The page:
In a time before living memory, the King Dragon of the Void watched the world and realized there was a crack. He realized that humanity was destroying the rock upon which they lived; they leaked life’s code into the churning chaos. At first the change was imperceptible: nanites overtook microorganisms, bacteria, viruses, amoebas. Insects became increasingly inorganic; birds and lizards followed soon after. Even humans were infected by their own advances, cell by cell, till there was not a person left on earth who wasn’t at least part synthetic, the product of a prior generation’s carelessness.
The world’s population was ravaged by mechanical viruses with no vaccines; they were mercilessly overtaken by bacteria that knew no death. Soon, most of the planet was empty and only a handful remained who remembered the hedonist realm they came from; only a few were left who remembered what the world looked like when their buildings touched the sky.
The King Dragon of the Void watched the rock turn. He watched humans cower as the Old World fell down around them; watched their great monuments crumble into dusty ruins; watched their codes become precious, ancient gem memories forged under the crushing pressure of so many fallen stones.
The world has spun many times around the sun since chaos swallowed man whole. It is a simpler time than the one that died out, but the people now are not immune to the folly of the people before. There is old code everywhere: in the water, in the air, in the trees. The heart of man has been replaced by power cores, many of which are hard-coded with preternatural abilities—when they die, an esoteric mountain sect collects their cores and stores them in their hollow mountain home to preserve the sanctity and dignity of human death. They’ve learned to harness artifacts of the old world, gemstones full of codes their nanite infused bodies can parse as spells imbuing their users with great power; they inlay them into their bodies, into their skins, connected to their cores by copper conduit and gold tracers; they dress themselves in tattoos to advertise their prowess; they battle for relics in arenas, fight for them in the open world wherever they are found.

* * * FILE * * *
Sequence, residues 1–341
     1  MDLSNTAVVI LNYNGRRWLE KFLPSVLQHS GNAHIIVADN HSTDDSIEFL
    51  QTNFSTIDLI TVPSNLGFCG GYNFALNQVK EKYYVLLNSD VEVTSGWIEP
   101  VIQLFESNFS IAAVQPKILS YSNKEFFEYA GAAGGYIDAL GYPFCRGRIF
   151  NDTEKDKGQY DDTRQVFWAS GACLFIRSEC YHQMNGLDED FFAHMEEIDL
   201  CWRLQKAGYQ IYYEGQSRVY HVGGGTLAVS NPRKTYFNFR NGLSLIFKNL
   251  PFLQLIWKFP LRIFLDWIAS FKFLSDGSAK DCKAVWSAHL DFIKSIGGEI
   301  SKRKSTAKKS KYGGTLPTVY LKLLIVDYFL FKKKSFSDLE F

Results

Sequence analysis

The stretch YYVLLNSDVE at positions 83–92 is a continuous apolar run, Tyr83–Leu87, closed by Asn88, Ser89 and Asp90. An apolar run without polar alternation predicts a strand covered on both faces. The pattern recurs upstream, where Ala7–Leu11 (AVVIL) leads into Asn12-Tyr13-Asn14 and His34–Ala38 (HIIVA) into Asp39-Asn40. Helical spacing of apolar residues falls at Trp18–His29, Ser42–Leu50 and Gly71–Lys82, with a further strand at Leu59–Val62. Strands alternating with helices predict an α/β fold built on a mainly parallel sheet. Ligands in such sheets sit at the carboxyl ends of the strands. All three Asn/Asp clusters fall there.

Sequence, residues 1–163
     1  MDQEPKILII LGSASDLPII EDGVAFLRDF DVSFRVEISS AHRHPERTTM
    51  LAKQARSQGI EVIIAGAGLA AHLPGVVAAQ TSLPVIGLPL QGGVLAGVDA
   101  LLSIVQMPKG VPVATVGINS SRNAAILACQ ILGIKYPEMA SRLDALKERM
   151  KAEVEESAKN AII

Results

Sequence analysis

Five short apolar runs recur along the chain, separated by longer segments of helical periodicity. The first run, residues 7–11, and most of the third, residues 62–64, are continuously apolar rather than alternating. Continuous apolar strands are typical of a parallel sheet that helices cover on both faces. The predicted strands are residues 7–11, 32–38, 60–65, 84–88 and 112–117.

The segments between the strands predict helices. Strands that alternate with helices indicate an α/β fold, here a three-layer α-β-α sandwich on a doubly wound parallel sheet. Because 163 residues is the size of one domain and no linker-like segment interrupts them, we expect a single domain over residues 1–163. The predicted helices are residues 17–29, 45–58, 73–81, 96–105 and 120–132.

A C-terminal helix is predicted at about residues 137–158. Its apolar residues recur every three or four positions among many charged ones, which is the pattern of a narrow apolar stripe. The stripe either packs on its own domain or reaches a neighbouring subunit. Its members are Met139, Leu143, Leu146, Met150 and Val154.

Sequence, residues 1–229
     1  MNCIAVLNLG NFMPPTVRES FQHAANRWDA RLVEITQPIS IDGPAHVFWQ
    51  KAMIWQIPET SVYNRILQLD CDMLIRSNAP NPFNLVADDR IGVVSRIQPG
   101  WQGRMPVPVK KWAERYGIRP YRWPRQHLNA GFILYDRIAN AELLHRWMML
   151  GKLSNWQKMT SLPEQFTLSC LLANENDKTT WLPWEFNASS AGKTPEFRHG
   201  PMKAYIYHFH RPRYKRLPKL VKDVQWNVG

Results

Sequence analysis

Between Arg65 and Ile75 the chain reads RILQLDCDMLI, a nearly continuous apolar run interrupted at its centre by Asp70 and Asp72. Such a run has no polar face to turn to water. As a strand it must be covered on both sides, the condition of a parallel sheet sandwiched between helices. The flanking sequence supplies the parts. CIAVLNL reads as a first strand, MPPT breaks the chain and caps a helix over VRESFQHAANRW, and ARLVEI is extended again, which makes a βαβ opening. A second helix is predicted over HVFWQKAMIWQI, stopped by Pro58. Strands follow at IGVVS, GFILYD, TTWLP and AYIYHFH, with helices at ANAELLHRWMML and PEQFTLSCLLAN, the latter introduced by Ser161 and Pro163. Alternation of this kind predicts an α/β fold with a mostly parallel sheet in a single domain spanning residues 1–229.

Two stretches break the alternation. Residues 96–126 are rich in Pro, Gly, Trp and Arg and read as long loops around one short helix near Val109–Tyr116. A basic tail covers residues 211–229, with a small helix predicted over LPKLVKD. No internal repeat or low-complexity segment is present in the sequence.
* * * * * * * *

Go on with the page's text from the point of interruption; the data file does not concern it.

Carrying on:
The King Dragon of the Void watches the rock turn and wonders:
when will this hunger finally make the rock stop spinning?
Twenty-five years ago, Fanxing City and the surrounding lands were commanded by the mad King Zao Beiguan. For many years, the King hoarded wealth, artifacts, food; he demanded tribute from a people already taxed to the edges of their existence and expected they be happy with their circumstances. Noncompliance was often punished harshly, bodies displayed proudly on Fanxing’s streets as a warning, from the city gates to the Zao palace’s golden doors.
The youths of several prominent clans came together to overthrow the tyrant and made names for themselves as legendary heroes across the land: Tian, Ren, Feng, Gui, Ma, and Zhenxi. Even wanderers from the Luanshi sect descended from Yunji mountain to aid the rebellion.
When the dust settled after three years, Tian Yunyong ascended the throne of Fanxing and swore to honour his slain father’s memory, and has maintained Fanxing’s peace with generosity and mercy where fear and cruelty once reigned.
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